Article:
Private landlords have many legally imposed and unavoidable responsibilities towards tenants. However, recent court cases highlight the importance of serving certain prescribed information at the start of a tenancy - including gas safety certificates.
Some obvious responsibilities are designed to ensure the safety of the tenant, such as the requirement to fit fire and carbon monoxide alarms and take steps to prevent legionella, making sure electrical wiring and electrical equipment in the property is safe and inspected by an electrician and ensuring any furniture provided conforms to the guidelines set out in the Furniture and Furnishings (Fire) (Safety) Amendment Regulations 1993.
To that list has been added a number of other duties, such as carrying out right to rent checks, safeguarding any deposit in a government approved scheme as well as supplying a current EPC and a copy of the government 'How to Rent' leaflet and a current gas safety certificate as part of the 'prescribed information'.
Recent court cases make timing of service of prescribed information crucial
Recent, although not terribly well publicised, cases have highlighted the importance of serving certain prescribed information at the very start of an Assured Shorthold Tenancy (AST) - before the tenant has even moved in - following perhaps unintended or unforeseen consequences as a result of changes to the law brought about by the Deregulation Act 2015.
The case of Assured Property Services v Ooo, heard at Edmonton County Court on 31 June 2017, involved the late service of a gas safety certificate which then enabled the tenant to successfully argue that a subsequently served S21 Notice was invalid.
A more recent case - that of Caridon Property Ltd v Shooltz heard at a London County Court appeal in February 2018 - reached a similar conclusion, making the commonly accepted belief among landlords and agents that certain notices, such as the gas safety certificate, can be served late without compromising a S21 Notice incorrect.
Service direct to tenant before tenancy commences is essential
It would appear, then, that landlords and agents must serve the prescribed information - at the very least the gas safety certificate and most likely the EPC and How to Rent Guide - at the very start of any new tenancy before the keys are handed over and the tenant has moved in. These documents must also be valid on renewal, otherwise any subsequent S21 Notice will also be invalid.
Judgement in both cases relating specifically to gas safety certificates was based on a far stricter and very literal interpretation of section 21A of the Housing Act 1988 (as amended) which states that: "a notice under subsection (1) or (4) of Section 21 may not be given in relation to an assured shorthold tenancy of a dwelling house in England at a time when the landlord is in breach of a prescribed requirement".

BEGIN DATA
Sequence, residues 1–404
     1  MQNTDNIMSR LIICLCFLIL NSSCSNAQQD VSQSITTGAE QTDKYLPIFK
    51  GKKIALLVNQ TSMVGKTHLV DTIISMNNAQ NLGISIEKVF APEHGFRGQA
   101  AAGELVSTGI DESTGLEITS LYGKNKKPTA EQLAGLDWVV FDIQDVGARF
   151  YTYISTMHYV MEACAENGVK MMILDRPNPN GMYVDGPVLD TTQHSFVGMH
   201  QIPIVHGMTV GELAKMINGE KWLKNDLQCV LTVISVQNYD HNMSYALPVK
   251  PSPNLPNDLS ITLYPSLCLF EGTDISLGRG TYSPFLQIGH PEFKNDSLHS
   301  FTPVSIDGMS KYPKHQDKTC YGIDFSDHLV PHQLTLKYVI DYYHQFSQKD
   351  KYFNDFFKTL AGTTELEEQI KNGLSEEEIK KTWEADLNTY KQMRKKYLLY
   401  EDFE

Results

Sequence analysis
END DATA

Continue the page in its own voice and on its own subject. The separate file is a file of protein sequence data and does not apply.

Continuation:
The rules embodied in the Gas Safety (Installation and Use) Regulations 1998 have also been far more strictly interpreted and by implication must now be strictly observed. Therefore, unless the tenancy is less than 28 days, it is evidently now not sufficient merely to display a copy of the gas safety certificate in the premises, as many landlords have previously done.
The certificate must be given to any new tenant before the tenant occupies those premises.
No way to rectify failure to serve documents at the outset of a tenancy
As things now stand following these judgements, nothing can be done to make a S21 Notice valid in future once the omission to serve at the outset has occurred. Landlords in this situation would have no option but to use a S8 Notice to gain possession - not a simple or straightforward solution.
Although these judgements are presently only County Court appeals in London, they may become binding across England and Wales should future appeals to a higher court make them so.
How to avoid this potential problem
The safest course for any landlord or agent to avoid such problems would be to integrate and automatically include copies of the current EPC, current gas safety certificate and a current copy of the How to Rent guide (making sure it's the latest version) along with the deposit protection information as part of the actual tenancy agreement.
Agents should also note that the tenancy agreement itself must still also give the landlord's address and contact details as well as their own.
Proof of service and receipt would still be essential - email remains sufficient provided the tenant has agreed to accept documents in this way and a reference to 'service by email 'is made in the tenancy agreement.